Voters who spoke to Yahoo News UK in the Liverpool Walton constituency put that down to scars from the Thatcher era which they say still run deep in the Merseyside city.
Liverpool ran at odds with Margaret Thatcher’s government 40 years ago, with the decline of its dock and factory industries fuelling a local rise in left-wing politicians.
Unemployment fuels left-wing group in Labour
Tens of thousands people in the city were out of work as a nationwide economic crisis took a hold in the 70s and 80s.
Liverpool’s council was take over by Militant, a far-left group within the Labour Party, which wanted to revitalise the city and resist the Thatcher government’s efforts to reduce the city’s financial grant.
The stand-off, which at one point saw Militant hand out redundancy notices to tens of thousands of council workers as a political ploy, led to Labour’s national leadership under Neil Kinnock to purge the group from the party’s ranks.
Among those charged with removing the group was Peter Kilfoyle, a regional organiser for Labour who described Militant as a ‘party within a party’ in a BBC interview.
He went on to win the seat of Liverpool Walton in a by-election in 1991, held after incumbent Labour MP Eric Heffer died in office. Heffer had held the seat since 1964 when he won it from the Tories and it has remained Labour since.
In that 1991 by-election, Kilfoyle defeated Lesley Mahmood, a Militant member who stood under the “Walton Real Labour” banner.
Kilfoyle won the seat by 7,000 votes and went on to solidify his majority, winning future elections throughout the John Major government and Tony Blair and Gordon Brown’s New Labour by the tens of thousands.
If Kilfoyle was the way forward from the ideological battles of the 80s, the residents of his constituency today have not forgotten what happened in that decade.
The safest seat in Britain
Yahoo News UK visited Walton earlier this month, the safest seat for any party in Britain.
It is to the north-east of the city centre, and contains both of Liverpool’s major football teams’ stadiums - Liverpool and Everton - either side of Stanley Park.
It elected Dan Carden with 86% of the vote in 2017, the biggest percentage for any MP in the UK, just slightly ahead of neighbouring constituencies Knowsley (85%), Liverpool Riverside (85%) and Bootle (84%) - all Labour.
Chris Baker, 44, who lives in Walton, said the tradition of voting Labour was put into him by his parents “and the experience growing up in the 80s... just really, really bad memories of it all”.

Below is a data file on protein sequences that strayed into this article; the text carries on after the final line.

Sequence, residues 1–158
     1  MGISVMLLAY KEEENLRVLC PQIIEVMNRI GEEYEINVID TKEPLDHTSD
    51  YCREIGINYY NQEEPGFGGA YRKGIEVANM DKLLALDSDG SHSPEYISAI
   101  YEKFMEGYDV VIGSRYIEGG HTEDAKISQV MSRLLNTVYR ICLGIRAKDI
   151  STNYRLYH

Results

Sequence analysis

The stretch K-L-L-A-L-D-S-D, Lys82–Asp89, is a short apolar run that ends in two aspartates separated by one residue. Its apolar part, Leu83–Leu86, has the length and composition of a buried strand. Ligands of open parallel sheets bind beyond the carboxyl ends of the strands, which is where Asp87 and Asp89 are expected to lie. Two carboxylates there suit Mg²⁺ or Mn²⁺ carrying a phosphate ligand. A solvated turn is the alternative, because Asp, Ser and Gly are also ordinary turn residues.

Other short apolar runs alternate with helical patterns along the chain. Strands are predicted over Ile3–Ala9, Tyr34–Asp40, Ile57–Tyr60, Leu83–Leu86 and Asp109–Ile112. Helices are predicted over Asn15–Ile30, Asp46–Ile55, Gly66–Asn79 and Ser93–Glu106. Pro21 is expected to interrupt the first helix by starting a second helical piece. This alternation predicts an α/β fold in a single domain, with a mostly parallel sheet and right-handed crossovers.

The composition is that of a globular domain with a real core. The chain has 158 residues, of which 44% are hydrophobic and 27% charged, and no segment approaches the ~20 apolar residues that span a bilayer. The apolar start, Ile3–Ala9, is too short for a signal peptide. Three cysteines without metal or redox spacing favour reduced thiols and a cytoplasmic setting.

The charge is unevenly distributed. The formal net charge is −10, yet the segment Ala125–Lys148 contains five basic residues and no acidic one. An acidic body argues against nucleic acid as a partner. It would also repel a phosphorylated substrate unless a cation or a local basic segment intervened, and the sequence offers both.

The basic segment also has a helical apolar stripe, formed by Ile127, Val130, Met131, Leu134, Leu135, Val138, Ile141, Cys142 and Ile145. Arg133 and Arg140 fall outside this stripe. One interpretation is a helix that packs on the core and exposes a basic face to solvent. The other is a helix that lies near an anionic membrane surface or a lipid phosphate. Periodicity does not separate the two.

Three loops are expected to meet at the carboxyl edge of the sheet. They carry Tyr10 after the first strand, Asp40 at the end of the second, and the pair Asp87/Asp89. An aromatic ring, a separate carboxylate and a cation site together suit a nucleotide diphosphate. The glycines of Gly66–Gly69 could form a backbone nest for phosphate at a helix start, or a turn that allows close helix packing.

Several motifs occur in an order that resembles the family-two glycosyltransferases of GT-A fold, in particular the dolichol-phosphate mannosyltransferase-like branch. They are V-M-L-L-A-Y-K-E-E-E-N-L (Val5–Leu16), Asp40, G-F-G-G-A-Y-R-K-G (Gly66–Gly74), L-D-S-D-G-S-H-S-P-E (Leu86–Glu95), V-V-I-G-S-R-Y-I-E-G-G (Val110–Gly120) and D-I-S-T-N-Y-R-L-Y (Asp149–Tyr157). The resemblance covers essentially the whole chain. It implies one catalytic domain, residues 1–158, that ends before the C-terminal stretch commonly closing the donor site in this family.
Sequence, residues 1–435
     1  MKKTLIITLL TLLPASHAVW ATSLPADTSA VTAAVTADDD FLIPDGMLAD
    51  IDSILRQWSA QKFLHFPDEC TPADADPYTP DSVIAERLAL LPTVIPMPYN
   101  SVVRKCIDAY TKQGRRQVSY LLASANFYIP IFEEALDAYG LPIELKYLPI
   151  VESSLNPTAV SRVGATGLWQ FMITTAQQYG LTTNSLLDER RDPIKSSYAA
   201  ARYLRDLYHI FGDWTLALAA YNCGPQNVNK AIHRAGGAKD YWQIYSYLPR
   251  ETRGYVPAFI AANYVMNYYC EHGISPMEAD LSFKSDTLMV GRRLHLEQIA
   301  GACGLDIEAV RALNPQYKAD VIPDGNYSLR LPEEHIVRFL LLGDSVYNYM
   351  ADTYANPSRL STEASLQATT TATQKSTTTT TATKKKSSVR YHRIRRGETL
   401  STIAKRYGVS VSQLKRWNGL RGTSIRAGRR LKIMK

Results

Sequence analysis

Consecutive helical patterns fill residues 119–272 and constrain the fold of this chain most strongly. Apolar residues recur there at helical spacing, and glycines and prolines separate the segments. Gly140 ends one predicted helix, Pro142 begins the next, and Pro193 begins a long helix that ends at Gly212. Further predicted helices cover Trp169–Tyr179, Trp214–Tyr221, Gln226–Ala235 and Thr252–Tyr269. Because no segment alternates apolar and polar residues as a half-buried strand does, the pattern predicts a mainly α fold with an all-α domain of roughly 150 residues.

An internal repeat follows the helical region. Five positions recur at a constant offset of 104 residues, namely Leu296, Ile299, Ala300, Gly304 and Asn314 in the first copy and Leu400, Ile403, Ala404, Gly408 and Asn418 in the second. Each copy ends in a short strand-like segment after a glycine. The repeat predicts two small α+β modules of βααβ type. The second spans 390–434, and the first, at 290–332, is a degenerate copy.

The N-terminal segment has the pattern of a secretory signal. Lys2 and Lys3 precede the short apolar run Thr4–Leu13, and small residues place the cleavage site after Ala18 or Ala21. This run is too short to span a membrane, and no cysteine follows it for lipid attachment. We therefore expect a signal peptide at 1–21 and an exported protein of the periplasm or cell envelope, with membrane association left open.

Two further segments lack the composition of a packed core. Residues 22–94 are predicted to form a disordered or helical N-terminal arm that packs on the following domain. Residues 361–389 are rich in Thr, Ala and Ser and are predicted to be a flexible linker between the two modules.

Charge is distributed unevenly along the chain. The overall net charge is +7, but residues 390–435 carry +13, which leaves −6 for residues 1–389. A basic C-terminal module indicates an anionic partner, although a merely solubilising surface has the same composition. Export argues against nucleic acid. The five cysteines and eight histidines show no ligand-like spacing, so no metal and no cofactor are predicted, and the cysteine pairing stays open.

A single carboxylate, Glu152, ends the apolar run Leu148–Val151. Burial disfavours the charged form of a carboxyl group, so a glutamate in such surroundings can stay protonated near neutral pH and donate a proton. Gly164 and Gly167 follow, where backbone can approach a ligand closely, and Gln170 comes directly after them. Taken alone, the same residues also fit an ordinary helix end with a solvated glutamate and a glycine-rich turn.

“We were just left to rot.
“And the same’s going to happen again, with Brexit, (and) anyone who voted Leave but comes from Liverpool needs their heads testing.”
Walton did vote for Leave, with 54% backing Brexit.
But if the Tories have their eyes on Brexit-backing Labour seats, Chris would not expect them to gain any traction in his area.
He does not know anyone in Walton who would vote Conservative.
“And even if they do, they’d never make it known,” he added.
“We’re built on politics, the whole city’s built on politics, the two football clubs are, as well, Liverpool and Everton.”
For Chris, the animosity between Liverpool and the Tories go back well beyond Thatcher’s time - he referenced Winston Churchill’s decision to send a warship into the Mersey during a strike in 1911.
He believes the Tories will win the election and if Boris Johnson does get a majority Corbyn should stay as Labour leader.
“For me Corbyn, he’s the man, he’s the only one who shows a bit of compassion. And if he is lying about his compassion then he’s a good liar.”
“As honest as the day is long”
Walking near Everton’s Goodison Park, 83-year-old Francis McCormack said he had voted for Labour his entire life, which came “through the family”.
The Walton resident told Yahoo News UK: “I think we’ve had a raw deal from the Conservatives, especially Maggie Thatcher, she was quite prepared to see this go down the Swanee.”
He said those days are still at the back of voter’s minds in the city.
Mr McCormack is also a supporter of Jeremy Corbyn.
“I like the man, I think he’s as honest as the day is long,” he said.
Asked if Mr Corbyn should go if he loses the election, Mr McCormack said: “It’d be up to himself really. I like the man, as I say, he’s got the same beliefs I have, more or less.
“I don’t think Blair had many followers in this fair city of ours. But that’s it, results showed that he was there for quite a while, Tony, but I never liked him, never liked the man, didn’t like his policies at all.”
Despite his dislike of Tony Blair, he added that he had never been tempted by any other party than Labour.
Anne Whitehead, 77, a retired licensee of a pub, said she would never vote for the Conservatives or “Boris whatever-his-name-is” because they are “c**p”.
She is totally behind Jeremy Corbyn’s Labour. Like Mr Baker and Mr McCormack, the Walton resident has only ever voted Labour.
“I think they’re pretty genuine in what they say, they say something and they do it if they can,” she said.
And on Mr Corbyn, she said: “I think he’s brilliant.
“There’s nobody else there, let’s be honest,” she said, adding that she hoped he would stay even if he lost a second general election.
“All my kids, I’ve got six of them, they vote Labour, they wouldn’t vote Conservative.”
She has never voted for any other party and said there is no way she can be tempted to go blue this time.
“No, and I could not think of voting Conservative because they all say they’ll do something and they don’t.”